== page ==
Motivation If you have a TextView object that displays text in a Window TextView has no scroll bars by default TextView has no bord by default

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Example of Decorator

Structure

aBorderDecorator component aScrollDecorator component

aTextView

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Example of Decorator

Structure
VisualComponent
Draw()

TextView

Decorator

Draw()

Draw()

ScrollDecorator Draw() ScrollTo() ScrollPosition


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BorderDecorator Draw() DrawBorder() BorderWidth

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Iterator Pattern

Also know as

Cursor Provide more way to access to the elements of an aggregate

Motivation

ListIterator

List
Count() Append(Element) Remove(Element)

First() Next() IsDone() CurrentItem Index

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Iterator Pattern

Applicability

Access an aggregate objects contents Support multiple traversals of aggregate objects Provide an uniform interface

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Iterator Pattern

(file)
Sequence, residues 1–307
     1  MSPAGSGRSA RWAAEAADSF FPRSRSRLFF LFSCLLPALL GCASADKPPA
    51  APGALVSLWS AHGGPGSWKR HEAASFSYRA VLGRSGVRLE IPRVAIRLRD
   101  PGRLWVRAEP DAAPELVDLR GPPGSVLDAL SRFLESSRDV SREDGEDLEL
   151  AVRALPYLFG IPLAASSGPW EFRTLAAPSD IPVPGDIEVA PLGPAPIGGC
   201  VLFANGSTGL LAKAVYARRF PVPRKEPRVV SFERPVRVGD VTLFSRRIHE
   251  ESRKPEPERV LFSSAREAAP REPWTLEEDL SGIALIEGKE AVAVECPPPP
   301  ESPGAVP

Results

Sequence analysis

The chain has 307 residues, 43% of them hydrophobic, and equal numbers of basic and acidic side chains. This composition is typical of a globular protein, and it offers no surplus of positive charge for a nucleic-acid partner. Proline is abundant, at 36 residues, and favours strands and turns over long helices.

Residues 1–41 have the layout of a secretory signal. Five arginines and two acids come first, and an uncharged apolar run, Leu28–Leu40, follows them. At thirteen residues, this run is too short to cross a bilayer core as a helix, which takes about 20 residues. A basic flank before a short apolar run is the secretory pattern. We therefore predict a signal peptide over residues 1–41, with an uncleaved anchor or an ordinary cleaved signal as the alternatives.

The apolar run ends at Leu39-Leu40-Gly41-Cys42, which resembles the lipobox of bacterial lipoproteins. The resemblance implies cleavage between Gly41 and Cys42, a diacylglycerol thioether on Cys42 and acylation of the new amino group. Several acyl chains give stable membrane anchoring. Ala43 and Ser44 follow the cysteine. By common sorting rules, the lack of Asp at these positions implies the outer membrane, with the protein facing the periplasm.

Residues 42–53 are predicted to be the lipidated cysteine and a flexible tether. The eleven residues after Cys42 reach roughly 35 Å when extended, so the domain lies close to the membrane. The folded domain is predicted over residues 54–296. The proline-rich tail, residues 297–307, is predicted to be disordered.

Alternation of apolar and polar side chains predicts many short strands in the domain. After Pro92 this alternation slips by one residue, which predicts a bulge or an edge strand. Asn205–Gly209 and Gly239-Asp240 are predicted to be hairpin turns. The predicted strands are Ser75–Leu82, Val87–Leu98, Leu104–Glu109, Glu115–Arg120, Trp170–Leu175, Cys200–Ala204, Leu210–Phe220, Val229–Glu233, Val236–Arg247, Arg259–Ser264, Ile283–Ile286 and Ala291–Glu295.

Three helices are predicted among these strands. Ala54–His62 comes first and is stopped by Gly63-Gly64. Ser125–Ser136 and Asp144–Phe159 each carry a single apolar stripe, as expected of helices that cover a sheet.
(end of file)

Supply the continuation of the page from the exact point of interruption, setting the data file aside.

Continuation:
Structure
Aggregate Client

Iterator

CreateIterator()

First() Next() IsDone() CurrentItem()

ConcreteAggregate CreateIterator() Return new ConcreteIterator(This)


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ConcreteIterator

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Iterator Pattern

Participants

Iterator Defines interfaces for accessing elements ConcreteIterator Implements the Iterator interface Keeps track of the current position in the traversal of the aggregate Aggregate Defines an interface for creating an Iterator object Concrete Aggregate Implements the Iterator creation interface Return an instance of ConcreteIterator
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Iterator Pattern

Consequences

Simplify the Aggregate interface More that one traversal can be pending on an aggregate Variations in the traversal of an aggregate

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Patterns and Frameworks


Design patterns Design patterns than frameworks Design patterns frameworks Framework is executable software, design pattern represent knowledge about software Frameworks are the physical realization of one or more software pattern solutions,pattern are instructions for how to implement those solutions